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News and events from the Institute of Cancer Therapeutics

You can find notable news articles relating to the Institute of Cancer Therapeutics below.

May 2024

Novel chemical methodology uncovered during synthesis of nucleotide anticancer prodrugs

PhD student Alexandra Serre (supervised by Dr Goreti Ribeiro Morais and Prof Robert Falconer) have published findings related to a type of chemical oxidation reaction using the well-known reagent, the Dess-Martin Periodinane. Alex’s PhD project was focused on the development of nucleotide prodrugs of polysialyltransferase (polyST) inhibitors for neuroblastoma. PolyST regulates expression of polysialic acid, which plays key roles in tumour cell adhesion, migration, invasion and metastasis.

Traditionally, the Dess-Martin reagent oxidises primary alcohols to aldehydes, but Alex found that in the case of cytidine analogues, the oxidation proceeds further to the carboxylic acid. Alex expanded her findings to evaluate different conditions and reaction components, arriving at methodology to selectively synthesise either the aldehyde or the carboxyl. The work also features computational chemistry to understand the reactions with University of Gothenburg collaborators Prof Leif Eriksson and Dr Vibhu Jha.

Prof Falconer commented “These findings are important in the synthesis of nucleotide anticancer prodrugs and beyond, and nicely exemplify the strong synthetic and medicinal chemistry activities ongoing in the ICT that underpin our efforts to develop novel cancer therapeutics.”

April 2024

Yorkshire biopartnering 2024

Concluding a Successful Yorkshire Biopartnering Event at the Cedar Court Hotel

Under the visionary leadership of Dr. Jason Jones, our Commercial Manager, and with invaluable support from Dr. Paul Norton, our recent Yorkshire Biopartnering Event held at the Cedar Court Hotel marked a significant triumph. This success was made possible through collaborative efforts with Bionow and the University of Bradford (UoB), spearheaded by Dave Holmes.

Throughout the event, esteemed speakers shed light on diverse funding opportunities, highlighting organizations such as UKRI and CLIMB. Particularly noteworthy was Helen Oldham's keynote address, emphasizing the emergence of women-led SMEs and spinouts.

Demonstrating the concrete advantages of collaboration, Peter Ali, our Business Development Manager, presented project SIBLING, which leverages UoB's analytical expertise to provide subsidized funding to SMEs [Link]. Additionally, our ICT team showcased a range of services beneficial to both industry and academia [Link].

Our esteemed ICT head, Prof. Sherif El-Khamisy, eloquently concluded the conference with closing remarks. We extend our heartfelt gratitude to all participants and attendees of the 3rd annual YBP, and we look forward to nurturing more fruitful collaborations in the future.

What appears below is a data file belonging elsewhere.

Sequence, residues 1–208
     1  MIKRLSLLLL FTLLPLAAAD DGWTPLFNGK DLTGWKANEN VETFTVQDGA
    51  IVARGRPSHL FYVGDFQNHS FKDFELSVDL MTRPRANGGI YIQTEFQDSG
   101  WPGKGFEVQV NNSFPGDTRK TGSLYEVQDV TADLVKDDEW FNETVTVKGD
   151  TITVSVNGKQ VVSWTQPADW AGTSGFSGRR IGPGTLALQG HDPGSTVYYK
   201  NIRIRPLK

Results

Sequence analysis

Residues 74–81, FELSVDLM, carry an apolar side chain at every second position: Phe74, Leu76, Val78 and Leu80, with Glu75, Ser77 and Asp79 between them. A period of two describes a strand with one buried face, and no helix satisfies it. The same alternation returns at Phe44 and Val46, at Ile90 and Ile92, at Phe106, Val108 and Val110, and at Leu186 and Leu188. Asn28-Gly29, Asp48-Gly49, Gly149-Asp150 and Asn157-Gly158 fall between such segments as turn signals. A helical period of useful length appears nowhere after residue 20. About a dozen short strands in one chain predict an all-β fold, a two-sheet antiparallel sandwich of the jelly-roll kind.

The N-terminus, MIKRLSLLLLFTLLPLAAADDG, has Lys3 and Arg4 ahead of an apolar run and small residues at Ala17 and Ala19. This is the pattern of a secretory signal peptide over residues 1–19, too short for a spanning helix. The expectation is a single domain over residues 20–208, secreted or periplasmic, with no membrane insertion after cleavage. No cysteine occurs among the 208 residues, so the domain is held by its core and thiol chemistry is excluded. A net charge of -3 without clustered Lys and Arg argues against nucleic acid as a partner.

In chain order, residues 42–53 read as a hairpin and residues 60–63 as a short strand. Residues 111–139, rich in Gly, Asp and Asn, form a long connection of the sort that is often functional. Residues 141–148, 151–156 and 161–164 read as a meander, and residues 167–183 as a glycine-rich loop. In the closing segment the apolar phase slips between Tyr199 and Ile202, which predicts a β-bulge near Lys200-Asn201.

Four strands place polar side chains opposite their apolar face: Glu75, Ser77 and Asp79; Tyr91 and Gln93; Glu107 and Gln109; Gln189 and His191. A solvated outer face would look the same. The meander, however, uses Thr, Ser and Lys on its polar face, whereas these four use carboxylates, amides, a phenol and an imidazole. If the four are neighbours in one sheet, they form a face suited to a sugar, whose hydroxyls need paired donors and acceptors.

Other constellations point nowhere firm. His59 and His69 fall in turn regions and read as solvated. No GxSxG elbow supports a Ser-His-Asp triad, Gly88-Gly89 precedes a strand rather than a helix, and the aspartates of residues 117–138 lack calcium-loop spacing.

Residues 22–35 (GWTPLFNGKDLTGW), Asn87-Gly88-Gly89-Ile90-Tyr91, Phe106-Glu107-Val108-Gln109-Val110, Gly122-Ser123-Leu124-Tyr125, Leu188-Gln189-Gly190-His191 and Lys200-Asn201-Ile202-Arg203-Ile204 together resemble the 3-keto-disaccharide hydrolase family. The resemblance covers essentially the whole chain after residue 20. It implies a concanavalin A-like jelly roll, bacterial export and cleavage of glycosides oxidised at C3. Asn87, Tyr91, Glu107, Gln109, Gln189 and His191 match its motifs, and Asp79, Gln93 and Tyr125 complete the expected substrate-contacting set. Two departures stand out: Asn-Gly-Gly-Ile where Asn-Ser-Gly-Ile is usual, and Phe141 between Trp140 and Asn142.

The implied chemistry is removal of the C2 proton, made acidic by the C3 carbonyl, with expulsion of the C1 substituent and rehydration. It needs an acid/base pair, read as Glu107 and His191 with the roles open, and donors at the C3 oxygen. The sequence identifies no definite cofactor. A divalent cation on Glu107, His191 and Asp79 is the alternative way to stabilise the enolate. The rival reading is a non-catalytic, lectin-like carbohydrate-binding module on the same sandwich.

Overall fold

Photo for Yorkshire bio partnering conference

March 2024

Maleimide–Thiol Linkages Alter the Biodistribution of SN38 Therapeutic Microbubbles Compared to Biotin–Avidin While Preserving Parity in Tumoral Drug Delivery

Therapeutic microbubbles (thMBs) contain drug-filled liposomes linked to microbubbles and targeted to vascular proteins. Upon the application of a destructive ultrasound trigger, drug uptake to tumour is improved. However, the structure of thMBs currently uses powerful non-covalent bonding of biotin with avidin-based proteins to link both the liposome to the microbubble (MB) and to bind the targeting antibody to the liposome–MB complex. This linkage is not currently FDA-approved, and therefore, an alternative, maleimide–thiol linkage, that is currently used in antibody–drug conjugates was examined. In a systematic manner, vascular endothelial growth factor receptor 2 (VEGFR2)-targeted MBs and thMBs using both types of linkages were examined for their ability to specifically bind to VEGFR2 in vitro and for their ultrasound imaging properties in vivo. Both showed equivalence in the production of the thMB structure, in vitro specificity of binding and safety profiles. In vivo imaging showed subtle differences for thMBs where biotin thMBs had a faster wash-in rate than thiol thMBs, but thiol thMBs were longer-lived. The drug delivery to tumours was also equivalent, but interestingly, thiol thMBs altered the biodistribution of delivery away from the lungs and towards the liver compared to biotin thMBs, which is an improvement in biosafety.


Link to article here 

Paul Loadman

Prof Paul Loadman

This study represents a long-standing collaboration with Prof Steve Evans and the Leeds microbubble team ( Therapeutic microbubbles have been developed by the team in Leeds to improve tumour selective delivery of cytotoxic anti-cancer drugs. The cytotoxic payload is released within the tumour environment by the application of a destructive ultrasound trigger. Amanda Race and Paul Loadman (together with Nikki Ingram) helped the Leeds team with the analysis of cytotoxic drug release (SN38 and its glucuronide) in the tumour by LC/MS/MS.

The microbubbles contain liposomes (cytotoxic drug carriers) and a targeting antibody. This study used an alternative, maleimide–thiol linkage to link both the liposome to the microbubble (MB) and to bind the targeting antibody to the liposome–microbubble complex and investigated how this influenced drug distribution in the body.


Co-Loading of Black Phosphorus Nanoflakes and Doxorubicin in Lysolipid Temperature-Sensitive Liposomes for Combination Therapy in Prostate Cancer